Blaming the new new thing for an old old problem

In Growing Up Digital, Wired for Distraction in the New York Times last month, reporter Matt Richtel opened up a gold mine of frustrated parents, educators and brain researchers all blaming digital devices for distracting youth from their real jobs of getting good grades and doing what they are told. I guess before radio cars TV phones computers no youth ever failed to do their chores or complete their homework. How shortsighted and forgetful are we as a culture?

The obligatory human interest lead-in to the story, Vishal Singh, a soon-to-be high-school senior, is initially portrayed as someone being led down the dark path of destruction by his wanton digital ways. He plays computer games for 10 hours a week (OMG,) hasn’t read an assigned book, and he has a Facebook account that sometimes he updates at 2AM. This is obviously a life going down the drain.

In the modern day equivalent of “your face might freeze that way,” the article quotes brain researchers who claim that young brains are being permanently harmed by multi-tasking.

The same article that claims that youth can’t pay attention to anything because of all the stimulation also portrays young Vishal Singh as someone deeply involved in digital film-making and storytelling. In fact, he gets A’s in those subjects and is pursuing it for college and career. He’s also the on-call tech support and web designer for his family.

So which is it people, computers cause your brain to decay or not? Perhaps it only causes brain rot in things that are of no interest to you? I hardly think it’s the computer that is causing good grades and deep learning in subjects of interest, and bad grades in subjects this young man does not care as deeply about. Seriously, this is new? Do I have to find a quote from Plato or Socrates complaining about how youth don’t pay attention nowadays (and probably blaming it on newfangled stone tablets?)

After a few other examples of students who text, play video games or do other horrifying things like get B’s, the article revisits Vishal. He is editing video for a school project, meticulously crafting a few seconds to convey the precise feeling and tone that he wants. He doesn’t check Facebook, he doesn’t get distracted¬† – amazingly enough, his brain seems to function just fine. He is neglecting his other homework, though, Latin and an economics essay. The article comes to a remarkable conclusion – that the difference is “interactivity”. Sigh.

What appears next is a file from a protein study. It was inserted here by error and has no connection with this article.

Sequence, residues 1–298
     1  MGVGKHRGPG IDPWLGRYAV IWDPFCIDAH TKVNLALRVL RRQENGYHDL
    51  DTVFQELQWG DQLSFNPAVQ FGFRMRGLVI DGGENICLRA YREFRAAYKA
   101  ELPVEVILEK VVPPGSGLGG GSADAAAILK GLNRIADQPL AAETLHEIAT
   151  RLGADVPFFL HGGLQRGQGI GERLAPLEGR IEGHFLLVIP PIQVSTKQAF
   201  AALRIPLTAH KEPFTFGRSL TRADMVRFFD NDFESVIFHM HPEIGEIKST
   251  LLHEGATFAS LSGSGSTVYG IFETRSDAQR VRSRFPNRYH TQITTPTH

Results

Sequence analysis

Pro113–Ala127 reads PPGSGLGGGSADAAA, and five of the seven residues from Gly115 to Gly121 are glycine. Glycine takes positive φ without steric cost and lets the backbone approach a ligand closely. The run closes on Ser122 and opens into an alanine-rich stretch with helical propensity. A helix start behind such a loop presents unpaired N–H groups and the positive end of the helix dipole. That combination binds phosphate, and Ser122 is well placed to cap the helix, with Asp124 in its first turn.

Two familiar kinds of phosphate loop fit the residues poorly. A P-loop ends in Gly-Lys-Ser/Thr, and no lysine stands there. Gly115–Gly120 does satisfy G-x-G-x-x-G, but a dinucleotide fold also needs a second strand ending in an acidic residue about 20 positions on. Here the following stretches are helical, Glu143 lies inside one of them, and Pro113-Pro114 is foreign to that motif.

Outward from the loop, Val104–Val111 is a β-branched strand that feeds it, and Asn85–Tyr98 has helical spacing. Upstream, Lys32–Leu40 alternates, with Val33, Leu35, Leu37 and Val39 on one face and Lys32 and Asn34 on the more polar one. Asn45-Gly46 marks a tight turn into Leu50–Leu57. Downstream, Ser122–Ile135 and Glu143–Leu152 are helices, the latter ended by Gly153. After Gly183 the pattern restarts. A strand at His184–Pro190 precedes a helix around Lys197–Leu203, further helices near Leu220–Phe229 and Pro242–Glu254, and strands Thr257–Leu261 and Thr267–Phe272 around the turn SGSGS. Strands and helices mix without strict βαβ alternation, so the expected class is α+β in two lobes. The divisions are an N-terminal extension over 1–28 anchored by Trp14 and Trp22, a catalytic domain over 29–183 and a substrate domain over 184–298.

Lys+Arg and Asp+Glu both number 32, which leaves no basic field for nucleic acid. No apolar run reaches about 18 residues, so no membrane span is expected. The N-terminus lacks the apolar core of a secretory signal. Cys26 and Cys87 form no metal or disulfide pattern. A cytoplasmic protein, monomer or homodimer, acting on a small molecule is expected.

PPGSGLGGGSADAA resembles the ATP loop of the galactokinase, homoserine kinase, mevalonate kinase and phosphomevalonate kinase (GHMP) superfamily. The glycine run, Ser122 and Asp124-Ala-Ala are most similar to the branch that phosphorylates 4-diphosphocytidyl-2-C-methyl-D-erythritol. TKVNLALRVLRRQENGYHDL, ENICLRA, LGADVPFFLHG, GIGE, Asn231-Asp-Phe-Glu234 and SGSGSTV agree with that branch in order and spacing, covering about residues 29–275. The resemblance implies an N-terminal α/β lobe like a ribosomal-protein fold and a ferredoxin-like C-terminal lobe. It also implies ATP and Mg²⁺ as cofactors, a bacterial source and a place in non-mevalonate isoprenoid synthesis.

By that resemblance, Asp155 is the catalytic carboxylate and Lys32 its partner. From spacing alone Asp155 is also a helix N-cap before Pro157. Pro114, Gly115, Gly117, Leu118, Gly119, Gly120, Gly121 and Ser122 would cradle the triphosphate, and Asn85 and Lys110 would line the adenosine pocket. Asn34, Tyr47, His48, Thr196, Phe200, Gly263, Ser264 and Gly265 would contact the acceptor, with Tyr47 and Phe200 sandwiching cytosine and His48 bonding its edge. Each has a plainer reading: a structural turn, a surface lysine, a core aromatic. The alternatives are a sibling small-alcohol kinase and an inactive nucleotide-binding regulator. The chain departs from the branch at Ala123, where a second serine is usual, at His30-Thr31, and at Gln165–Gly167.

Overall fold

This is so obviously wrong that it’s almost dumb. It’s not about clicking on stuff, or even brains or computers, it’s about interest and having an amazing tool at your fingertips. The computer is unlocking the world to young people, and it’s a bit more interesting than Latin worksheets. The computer is also the right tool for the student who IS interested in Latin or economics, bringing them together with others of like mind and doing actual work.

Do I believe that youth should be free to do whatever they want with no limits or expectations? No, that’s just a silly exaggeration. I believe that using computers and technology, youth have extraordinary new access to communities of interest, expertise, and choices. And what I would like to see is that people stop blaming computers and vilifying youth just because they have their own unique interests and goals, and use the tools of the day to reach them.

Sylvia

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